In the early sixties Shelby Hearon, a Kentucky transplant, started writing novels at a rapid rate and hasn’t slowed down since. In fact, her fifteenth, Ella in Bloom (Knopf), is due out this month. Most of her stories offer portraits of women who are witty, educated, and sensual: They all seem like Junior League dropouts. My favorite work is 1978’s A Prince of a Fellow , which depicts a complex post-frontier society in which the old ways compete with newfangled ones and women’s voices emerge to challenge those of the patriarchs. I also like it because of its evocation of recognizable Texas sites and its intriguing connection with Texas literature.
Set in Prince Solms, a fictionalized version of New Braunfels, the novel places its narrator-heroine, Avery Krause, in such familiar settings as the River Walk in San Antonio and the Admiral Nimitz Hotel in Sophienburg (Fredericksburg). Like everybody in the novel, Avery is pretending to be someone she isn’t. A “third-rate princess,” she has tried unsuccessfully to secure the hand of a prince and struggles to define herself apart from the values of her tradition-bound mother, a heavy Swedish woman who has spent a lifetime cooking and trying to bear a son. Avery works at Pasture Radio, a two-bit local station where her on-air sidekick is a Mexican American who pretends to be a German. She is having a dead-end affair with an affable burgher buffoon who happens to be the mayor of San Antonio.
A new frog enters Avery’s life in the form of Gruene Albrech, the pen name of a young writer who has taken up residence at the famed Paisano Ranch, the former haunt of J. Frank Dobie where each year Paisano Fellows spend blessed hours writing in subsidized solitude. Gruene is based on Jan Reid, who indeed went on to publish the Paisano-inspired novel Deerinwater and write for Texas Monthly (where he is currently a contributing editor) . For the interested scholar, some of the letters Hearon wrote to Reid are part of the Southwestern Writers Collection at Southwest Texas State University, in San Marcos.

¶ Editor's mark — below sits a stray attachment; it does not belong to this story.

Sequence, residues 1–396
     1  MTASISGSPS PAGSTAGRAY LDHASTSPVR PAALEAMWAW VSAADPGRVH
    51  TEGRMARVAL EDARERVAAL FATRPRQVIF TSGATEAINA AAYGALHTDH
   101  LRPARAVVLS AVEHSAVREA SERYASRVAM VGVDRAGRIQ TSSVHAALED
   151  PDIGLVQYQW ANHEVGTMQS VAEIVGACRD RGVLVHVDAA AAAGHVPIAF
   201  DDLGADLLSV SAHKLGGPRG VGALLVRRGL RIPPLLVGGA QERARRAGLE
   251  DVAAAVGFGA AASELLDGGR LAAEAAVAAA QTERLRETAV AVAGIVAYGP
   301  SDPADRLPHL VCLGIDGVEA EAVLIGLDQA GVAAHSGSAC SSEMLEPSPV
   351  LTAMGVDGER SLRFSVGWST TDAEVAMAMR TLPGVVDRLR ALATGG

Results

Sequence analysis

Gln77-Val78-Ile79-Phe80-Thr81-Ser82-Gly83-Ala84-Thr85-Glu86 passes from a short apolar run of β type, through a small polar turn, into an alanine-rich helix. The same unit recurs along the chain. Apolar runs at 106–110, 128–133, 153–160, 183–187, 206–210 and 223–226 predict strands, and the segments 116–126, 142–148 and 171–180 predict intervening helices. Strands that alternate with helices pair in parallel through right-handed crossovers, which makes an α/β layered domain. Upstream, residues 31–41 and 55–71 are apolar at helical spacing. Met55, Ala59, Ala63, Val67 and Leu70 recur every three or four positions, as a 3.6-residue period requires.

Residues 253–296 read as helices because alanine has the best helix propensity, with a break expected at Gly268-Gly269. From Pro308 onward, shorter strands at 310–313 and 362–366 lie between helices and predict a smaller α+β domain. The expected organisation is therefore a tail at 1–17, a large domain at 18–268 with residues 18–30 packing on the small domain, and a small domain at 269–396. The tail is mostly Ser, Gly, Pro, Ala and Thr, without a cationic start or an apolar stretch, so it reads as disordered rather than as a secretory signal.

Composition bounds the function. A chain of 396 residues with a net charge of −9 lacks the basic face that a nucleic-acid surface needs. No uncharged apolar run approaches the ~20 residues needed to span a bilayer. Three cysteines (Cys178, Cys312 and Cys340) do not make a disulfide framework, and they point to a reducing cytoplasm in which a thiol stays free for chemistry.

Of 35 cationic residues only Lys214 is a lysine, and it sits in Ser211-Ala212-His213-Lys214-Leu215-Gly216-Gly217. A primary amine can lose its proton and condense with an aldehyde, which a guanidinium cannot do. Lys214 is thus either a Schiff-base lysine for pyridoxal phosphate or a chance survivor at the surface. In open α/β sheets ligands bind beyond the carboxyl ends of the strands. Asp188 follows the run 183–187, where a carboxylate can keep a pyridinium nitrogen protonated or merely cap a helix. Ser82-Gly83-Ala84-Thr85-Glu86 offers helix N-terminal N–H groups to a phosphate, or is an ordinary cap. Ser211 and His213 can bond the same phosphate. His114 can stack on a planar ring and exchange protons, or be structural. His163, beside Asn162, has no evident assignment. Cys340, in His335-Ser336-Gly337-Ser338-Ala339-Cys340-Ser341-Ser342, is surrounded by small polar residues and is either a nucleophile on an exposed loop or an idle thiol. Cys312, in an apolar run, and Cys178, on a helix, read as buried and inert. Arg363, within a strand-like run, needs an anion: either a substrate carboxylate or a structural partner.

But Gruene, it turns out, is pretending too. The young author presents himself as a Czech returning to his roots, but in reality he is a man of German extraction who is trying to cope with some dark, violent family secrets. Gruene invites Avery on a couple of short research trips to rural Texas graveyards—rituals of kinship and burial dot the novel—and their attraction to each other quickly turns into infatuation. Seeking to set her own house in order, Avery breaks off her affair with the mayor and befriends a strong black woman named Jane Brown, who takes up the mantle of a charismatic homegrown radio personality, Queen Esther. The novel ends on the front porch of Paisano Ranch, that icon of old Texas, where Avery and her new prince begin to plan a future together.